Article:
In many tasks we need to do something at given intervals of time. The most obvious ways may not give you the best results.

Time? Meh.

The most basic tasks that don’t have what you might call CPU-scale time requirements can be handled with the usual language and framework features. These can be things like timers, or simply a call to a sleep(number_of_milliseconds) function.

void RunTimedThing()
{
   while (true)
   {
      DoMyThing();
      sleep(1);      // wake up about 1 millisecond later to do it again.
   }
}

Exercise 1: How much time is there between each call to DoMyThing()?

Most OS thread scheduling is not guaranteed, so your thread isn’t usually executed again exactly when you want it to be. If you are fine with your thing being done again not exactly 1 ms later, this approach is acceptable. But if you need accuracy to the millisecond, or you need it to run more frequently than 1 ms, it is time to level up.

When it positively, absolutely has to be done on time

Now you will need a high resolution timer. These have millisecond or even nanosecond accuracy. It used to be more of a _maybe-you-can-maybe-you-can’t kind of feature feature, but with modern hardware, even the small guys, you usually will be able to get all the way up to nanosecond precision.

For C++, std::chrono provides such facilities.

// For using 1ms as a const literal for 1 millisecond
using namespace std::chrono_literals;
// For the sake of brevity and sanity
using namespace std::chrono;
// For ease in changing our timing resolution
using Clock = std::chrono::high_resolution_clock;

void RunTimedThingAccurately()
{
   const auto kMyThingFrequency = 1ms;
   const auto kMaxSleepTime = kMyThingFrequency / 2.0; // set to something less than the frequency

   auto nextTime = Clock::now();
   while (true)
   {
      const auto currentTime = Clock::now();
      const auto remainingTime = duration_cast(nextTime - currentTime);
      if (remainingTime.count() <= 0LL)
      {
         DoMyThing();
         nextTime = currentTime + kMyThingFrequency + remainingTime;
         sleepTime = maxSleepTime;
      }
      else
      {
         sleepTime = std::min(maxSleepTime, remainingTime);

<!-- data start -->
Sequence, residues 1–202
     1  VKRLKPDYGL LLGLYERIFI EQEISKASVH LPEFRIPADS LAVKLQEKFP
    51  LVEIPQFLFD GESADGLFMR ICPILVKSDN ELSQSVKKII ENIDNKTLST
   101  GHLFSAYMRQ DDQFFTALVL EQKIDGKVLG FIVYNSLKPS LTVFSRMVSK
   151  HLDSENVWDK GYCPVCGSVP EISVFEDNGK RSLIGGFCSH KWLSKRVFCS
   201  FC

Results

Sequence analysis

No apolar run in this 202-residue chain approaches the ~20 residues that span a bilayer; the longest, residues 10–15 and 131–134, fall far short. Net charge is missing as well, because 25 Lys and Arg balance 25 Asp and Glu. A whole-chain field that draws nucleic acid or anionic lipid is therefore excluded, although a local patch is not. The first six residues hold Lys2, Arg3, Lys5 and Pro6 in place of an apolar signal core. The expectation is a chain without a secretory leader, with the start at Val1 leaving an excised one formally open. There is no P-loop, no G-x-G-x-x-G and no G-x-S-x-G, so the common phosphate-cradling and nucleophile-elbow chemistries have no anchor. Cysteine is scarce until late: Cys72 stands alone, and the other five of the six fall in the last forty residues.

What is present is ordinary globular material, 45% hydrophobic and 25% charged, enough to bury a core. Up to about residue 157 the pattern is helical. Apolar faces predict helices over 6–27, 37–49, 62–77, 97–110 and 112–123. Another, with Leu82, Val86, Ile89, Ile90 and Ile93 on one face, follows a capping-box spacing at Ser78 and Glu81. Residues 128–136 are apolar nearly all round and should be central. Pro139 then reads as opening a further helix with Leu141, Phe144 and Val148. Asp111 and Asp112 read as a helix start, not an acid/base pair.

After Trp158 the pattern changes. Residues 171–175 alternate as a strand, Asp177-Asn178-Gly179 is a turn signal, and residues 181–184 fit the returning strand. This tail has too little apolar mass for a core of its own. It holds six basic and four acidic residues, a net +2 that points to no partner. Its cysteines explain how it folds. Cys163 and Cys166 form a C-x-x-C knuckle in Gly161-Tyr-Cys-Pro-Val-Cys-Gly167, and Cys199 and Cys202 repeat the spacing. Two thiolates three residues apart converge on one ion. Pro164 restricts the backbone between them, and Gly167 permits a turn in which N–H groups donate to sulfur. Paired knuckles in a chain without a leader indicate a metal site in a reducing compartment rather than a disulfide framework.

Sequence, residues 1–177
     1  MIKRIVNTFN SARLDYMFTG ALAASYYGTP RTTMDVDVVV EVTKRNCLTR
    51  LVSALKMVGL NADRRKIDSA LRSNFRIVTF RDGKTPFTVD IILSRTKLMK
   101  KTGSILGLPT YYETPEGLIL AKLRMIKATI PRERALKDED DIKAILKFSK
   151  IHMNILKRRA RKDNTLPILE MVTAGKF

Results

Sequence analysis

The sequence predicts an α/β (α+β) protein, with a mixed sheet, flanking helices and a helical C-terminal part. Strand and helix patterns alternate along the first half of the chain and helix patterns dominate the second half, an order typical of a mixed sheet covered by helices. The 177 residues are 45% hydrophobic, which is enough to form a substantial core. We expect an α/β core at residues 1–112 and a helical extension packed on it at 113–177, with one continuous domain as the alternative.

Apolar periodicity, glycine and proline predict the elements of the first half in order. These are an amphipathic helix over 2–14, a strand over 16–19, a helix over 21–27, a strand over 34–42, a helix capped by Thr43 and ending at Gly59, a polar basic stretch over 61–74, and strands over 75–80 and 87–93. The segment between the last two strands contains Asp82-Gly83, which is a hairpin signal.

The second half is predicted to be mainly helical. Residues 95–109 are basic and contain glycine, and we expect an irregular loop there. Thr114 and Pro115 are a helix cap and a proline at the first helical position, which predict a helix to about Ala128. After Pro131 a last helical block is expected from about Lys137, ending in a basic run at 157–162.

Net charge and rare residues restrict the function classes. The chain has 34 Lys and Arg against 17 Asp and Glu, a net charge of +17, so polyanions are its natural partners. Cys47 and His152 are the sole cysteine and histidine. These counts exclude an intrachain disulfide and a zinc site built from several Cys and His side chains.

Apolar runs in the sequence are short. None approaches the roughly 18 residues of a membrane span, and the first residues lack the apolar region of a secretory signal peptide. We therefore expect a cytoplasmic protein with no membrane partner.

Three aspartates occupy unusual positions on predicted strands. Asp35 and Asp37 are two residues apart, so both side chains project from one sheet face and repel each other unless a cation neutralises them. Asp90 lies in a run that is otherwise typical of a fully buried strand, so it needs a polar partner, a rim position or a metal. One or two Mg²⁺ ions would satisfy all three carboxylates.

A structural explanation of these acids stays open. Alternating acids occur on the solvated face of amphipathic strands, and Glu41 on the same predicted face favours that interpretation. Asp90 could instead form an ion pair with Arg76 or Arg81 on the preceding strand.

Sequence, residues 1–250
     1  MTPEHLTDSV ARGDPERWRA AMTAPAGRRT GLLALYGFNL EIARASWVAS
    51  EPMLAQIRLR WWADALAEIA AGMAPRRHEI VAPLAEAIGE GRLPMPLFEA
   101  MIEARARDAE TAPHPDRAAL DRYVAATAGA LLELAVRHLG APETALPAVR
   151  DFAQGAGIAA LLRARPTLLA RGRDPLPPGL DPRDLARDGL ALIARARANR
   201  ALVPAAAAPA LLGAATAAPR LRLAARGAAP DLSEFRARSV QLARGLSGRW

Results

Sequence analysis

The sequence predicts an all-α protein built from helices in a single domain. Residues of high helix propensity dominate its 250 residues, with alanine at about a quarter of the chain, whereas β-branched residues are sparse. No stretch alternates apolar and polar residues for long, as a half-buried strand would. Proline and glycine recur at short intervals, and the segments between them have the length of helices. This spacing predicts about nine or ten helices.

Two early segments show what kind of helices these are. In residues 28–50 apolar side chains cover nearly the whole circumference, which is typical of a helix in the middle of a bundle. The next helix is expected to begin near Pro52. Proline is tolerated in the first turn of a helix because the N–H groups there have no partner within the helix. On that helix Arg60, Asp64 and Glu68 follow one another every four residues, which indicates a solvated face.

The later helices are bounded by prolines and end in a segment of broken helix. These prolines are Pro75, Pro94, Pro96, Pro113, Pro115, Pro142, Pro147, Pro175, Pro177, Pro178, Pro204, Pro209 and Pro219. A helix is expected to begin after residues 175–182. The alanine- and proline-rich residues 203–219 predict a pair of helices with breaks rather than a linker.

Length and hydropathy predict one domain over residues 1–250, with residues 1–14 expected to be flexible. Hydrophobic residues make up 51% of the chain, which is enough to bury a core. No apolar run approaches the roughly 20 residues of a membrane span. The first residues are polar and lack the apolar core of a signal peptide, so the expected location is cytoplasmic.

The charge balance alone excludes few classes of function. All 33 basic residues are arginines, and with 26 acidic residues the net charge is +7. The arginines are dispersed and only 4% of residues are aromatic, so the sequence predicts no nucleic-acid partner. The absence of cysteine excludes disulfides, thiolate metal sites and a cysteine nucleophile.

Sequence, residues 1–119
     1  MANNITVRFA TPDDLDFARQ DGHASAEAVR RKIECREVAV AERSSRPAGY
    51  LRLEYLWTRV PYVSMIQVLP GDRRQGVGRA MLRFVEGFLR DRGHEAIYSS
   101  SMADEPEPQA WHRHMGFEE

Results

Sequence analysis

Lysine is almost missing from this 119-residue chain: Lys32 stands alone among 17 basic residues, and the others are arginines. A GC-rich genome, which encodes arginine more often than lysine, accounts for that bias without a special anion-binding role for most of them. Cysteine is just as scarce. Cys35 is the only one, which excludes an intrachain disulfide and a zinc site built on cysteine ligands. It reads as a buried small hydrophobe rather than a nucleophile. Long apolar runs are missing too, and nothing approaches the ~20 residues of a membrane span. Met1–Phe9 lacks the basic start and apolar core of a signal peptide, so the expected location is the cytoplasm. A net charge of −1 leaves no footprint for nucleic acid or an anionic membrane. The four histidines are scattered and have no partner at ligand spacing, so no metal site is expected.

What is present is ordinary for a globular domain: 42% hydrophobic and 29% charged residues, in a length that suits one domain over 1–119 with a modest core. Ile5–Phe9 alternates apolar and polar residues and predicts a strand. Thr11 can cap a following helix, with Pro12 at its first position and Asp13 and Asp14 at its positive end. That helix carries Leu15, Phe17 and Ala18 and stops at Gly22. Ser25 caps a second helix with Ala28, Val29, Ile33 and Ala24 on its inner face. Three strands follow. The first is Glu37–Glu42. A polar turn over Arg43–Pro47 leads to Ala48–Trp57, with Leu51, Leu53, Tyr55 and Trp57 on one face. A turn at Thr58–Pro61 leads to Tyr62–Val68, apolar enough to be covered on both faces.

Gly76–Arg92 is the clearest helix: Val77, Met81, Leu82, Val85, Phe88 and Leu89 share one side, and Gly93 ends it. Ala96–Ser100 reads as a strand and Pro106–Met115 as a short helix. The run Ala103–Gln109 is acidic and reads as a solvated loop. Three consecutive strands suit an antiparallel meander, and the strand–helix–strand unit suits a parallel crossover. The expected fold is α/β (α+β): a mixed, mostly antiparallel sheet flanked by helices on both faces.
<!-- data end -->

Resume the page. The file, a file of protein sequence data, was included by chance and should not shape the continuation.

}

      std::this_thread::sleep_for(remainingTime);
   }
}

Exercise 2: Now how much time is there between each call to DoMyThing()?

Notice that it still isn't enough to just sleep for the interval at which you want to do your thing. Even the higher resolution will have some slop, called jitter, around its timings. To combat that we do a little polling, waking up to see if it is time then sleeping for the remainder of the time until we do our thing. You can try to optimize kMaxSleepTime to improve accuracy and minimize times being awakened before the work needs to be done.

You may have noticed this subtlety, it is where some magic happens

nextTime = currentTime + kMyThingFrequency + remainingTime;

The remaining time will be negative or zero when this block executes, so it automatically handles being woken up a little late. Otherwise, nextTime would accumulate those errors.

Another subtlety about kMaxSleepTime. DoMyThing() obviously must take less time than kMyThingFrequency. How long it takes will influence the value you assign to kMaxSleepTime which needs to be less than the difference between how long your thing takes and how often your thing needs to happen.

A note on std::chrono

The std::chrono code can be a little ugly without the aliases. But the unit handling is superb. Once you are used to it you may wish to do similar things for other values with units. It is well worth getting comfortable with it when you have to do any time based calculations.

Jason Bagley

Jason Bagley

Jason is a Senior Software Engineer at Art & Logic. He enjoys exploring far and wide in the digital realm.
Jason Bagley

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